Cesium bright matter-wave solitons and soliton trains (1902.03144v2)
Tadej Mežnaršič, Tina Arh, Jure Brence, Jaka Pišljar, Katja Gosar, Žiga Gosar, Rok Žitko, Erik Zupanič, Peter Jeglič
A study of bright matter-wave solitons of a cesium Bose-Einstein condensate (BEC) is presented. Production of a single soliton is demonstrated and dependence of soliton atom number on the interatomic interaction is investigated. Formation of soliton trains in the quasi one-dimensional confinement is shown. Additionally, fragmentation of a BEC has been observed outside confinement, in free space. In the end a double BEC production setup for studying soliton collisions is described.
Pair fraction in a finite temperature Fermi gas on the BEC side of the BCS-BEC crossover (1803.10598v4)
Thomas Paintner, Daniel K. Hoffmann, Manuel Jäger, Wolfgang Limmer, Wladimir Schoch, Benjamin Deissler, Michele Pini, Pierbiagio Pieri, Giancarlo Calvanese Strinati, Cheng Chin, Johannes Hecker Denschlag
We investigate pairing in a strongly interacting two-component Fermi gas with positive scattering length. In this regime, pairing occurs at temperatures above the superfluid critical temperature; unbound fermions and pairs coexist in thermal equilibrium. Measuring the total number of these fermion pairs in the gas we systematically investigate the phases in the sectors of pseudogap and preformed-pair. Our measurements quantitatively test predictions from two theoretical models. Interestingly, we find that already a model based on classical atom-molecule equilibrium describes our data quite well.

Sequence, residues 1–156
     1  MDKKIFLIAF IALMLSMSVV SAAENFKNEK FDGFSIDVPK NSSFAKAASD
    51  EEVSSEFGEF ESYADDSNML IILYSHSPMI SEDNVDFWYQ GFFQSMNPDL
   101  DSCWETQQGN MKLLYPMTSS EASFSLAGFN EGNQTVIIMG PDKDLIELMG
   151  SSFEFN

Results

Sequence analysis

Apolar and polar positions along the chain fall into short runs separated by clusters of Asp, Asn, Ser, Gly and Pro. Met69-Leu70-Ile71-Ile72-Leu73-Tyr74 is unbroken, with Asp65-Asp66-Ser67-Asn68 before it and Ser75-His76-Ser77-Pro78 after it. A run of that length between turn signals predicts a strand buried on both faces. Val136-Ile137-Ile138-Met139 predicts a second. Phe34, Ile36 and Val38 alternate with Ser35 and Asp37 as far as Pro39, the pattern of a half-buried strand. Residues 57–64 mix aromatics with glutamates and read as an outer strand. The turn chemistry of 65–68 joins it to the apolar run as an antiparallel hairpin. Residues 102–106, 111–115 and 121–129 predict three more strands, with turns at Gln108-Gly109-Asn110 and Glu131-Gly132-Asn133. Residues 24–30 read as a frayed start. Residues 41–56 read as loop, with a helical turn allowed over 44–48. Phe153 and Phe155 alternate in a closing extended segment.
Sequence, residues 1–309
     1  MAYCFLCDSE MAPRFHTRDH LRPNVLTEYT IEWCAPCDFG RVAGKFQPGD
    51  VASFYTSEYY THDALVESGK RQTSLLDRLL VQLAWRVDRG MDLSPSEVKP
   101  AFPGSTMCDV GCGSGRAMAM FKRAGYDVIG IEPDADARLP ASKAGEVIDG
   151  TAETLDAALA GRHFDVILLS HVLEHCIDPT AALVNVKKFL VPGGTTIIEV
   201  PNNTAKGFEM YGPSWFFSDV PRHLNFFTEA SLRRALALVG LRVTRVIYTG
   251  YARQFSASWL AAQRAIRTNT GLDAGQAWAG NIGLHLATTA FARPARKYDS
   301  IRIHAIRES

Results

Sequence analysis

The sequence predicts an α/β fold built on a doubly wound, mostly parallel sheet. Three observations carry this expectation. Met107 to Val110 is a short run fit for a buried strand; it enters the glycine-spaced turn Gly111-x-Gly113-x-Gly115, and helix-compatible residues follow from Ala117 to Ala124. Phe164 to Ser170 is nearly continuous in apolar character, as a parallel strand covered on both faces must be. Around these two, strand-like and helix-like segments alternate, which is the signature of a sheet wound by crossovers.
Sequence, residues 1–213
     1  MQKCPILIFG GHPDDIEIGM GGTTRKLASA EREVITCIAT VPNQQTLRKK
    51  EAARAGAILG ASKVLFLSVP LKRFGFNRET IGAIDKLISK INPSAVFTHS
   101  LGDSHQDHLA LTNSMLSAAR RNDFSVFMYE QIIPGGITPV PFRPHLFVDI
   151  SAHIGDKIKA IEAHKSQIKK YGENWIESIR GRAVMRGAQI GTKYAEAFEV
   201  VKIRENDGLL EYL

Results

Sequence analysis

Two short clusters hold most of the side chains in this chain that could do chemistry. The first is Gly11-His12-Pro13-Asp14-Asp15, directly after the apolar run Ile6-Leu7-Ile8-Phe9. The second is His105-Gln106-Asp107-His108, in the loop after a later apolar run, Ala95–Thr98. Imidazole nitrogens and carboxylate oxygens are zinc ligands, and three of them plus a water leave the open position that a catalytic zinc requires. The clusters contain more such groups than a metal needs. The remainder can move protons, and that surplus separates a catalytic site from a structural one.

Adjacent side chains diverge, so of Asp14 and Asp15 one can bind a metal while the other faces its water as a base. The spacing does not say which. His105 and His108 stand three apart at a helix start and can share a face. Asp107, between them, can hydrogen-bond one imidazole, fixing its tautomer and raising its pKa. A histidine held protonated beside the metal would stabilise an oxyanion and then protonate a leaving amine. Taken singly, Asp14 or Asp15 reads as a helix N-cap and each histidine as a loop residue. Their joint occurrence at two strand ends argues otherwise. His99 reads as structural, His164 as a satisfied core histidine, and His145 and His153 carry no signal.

Observation of CPT for the ground hyperfine interval in Cs (1710.10788v2)
Sumanta Khan, Vineet Bharti, Vasant Natarajan
We use the technique of coherent population trapping (CPT) to access the ground hyperfine interval (clock transition) in Cs. The probe and control beams required for CPT are obtained from a single compact diode laser system. The phase coherence between the beams, whose frequency difference is the clock frequency, is obtained by frequency modulating the laser with an electro-optic modulator (EOM). The EOM is fiber coupled and hence does not require alignment, and the atoms are contained in a vapor cell. Both of these should prove advantageous for potential use as atomic clocks in satellites.
Revisiting spin-dependent forces mediated by new bosons: Potentials in the coordinate-space representation for macroscopic- and atomic-scale experiments (1810.10364v2)
Pavel Fadeev, Yevgeny V. Stadnik, Filip Ficek, Mikhail G. Kozlov, Victor V. Flambaum, Dmitry Budker
The exchange of spin-0 or spin-1 bosons between fermions or spin-polarised macroscopic objects gives rise to various spin-dependent potentials. We derive the coordinate-space non-relativistic potentials induced by the exchange of such bosons, including contact terms that can play an important role in atomic-scale phenomena, and correct for errors and omissions in the literature. We summarise the properties of the potentials and their relevance for various types of experiments. These potentials underpin the interpretation of experiments that search for new bosons, including spectroscopy, torsion-pendulum measurements, magnetometry, parity nonconservation and electric dipole moment experiments.
Xueping Long, Seejia S. Yu, Andrew M. Jayich, Wesley C. Campbell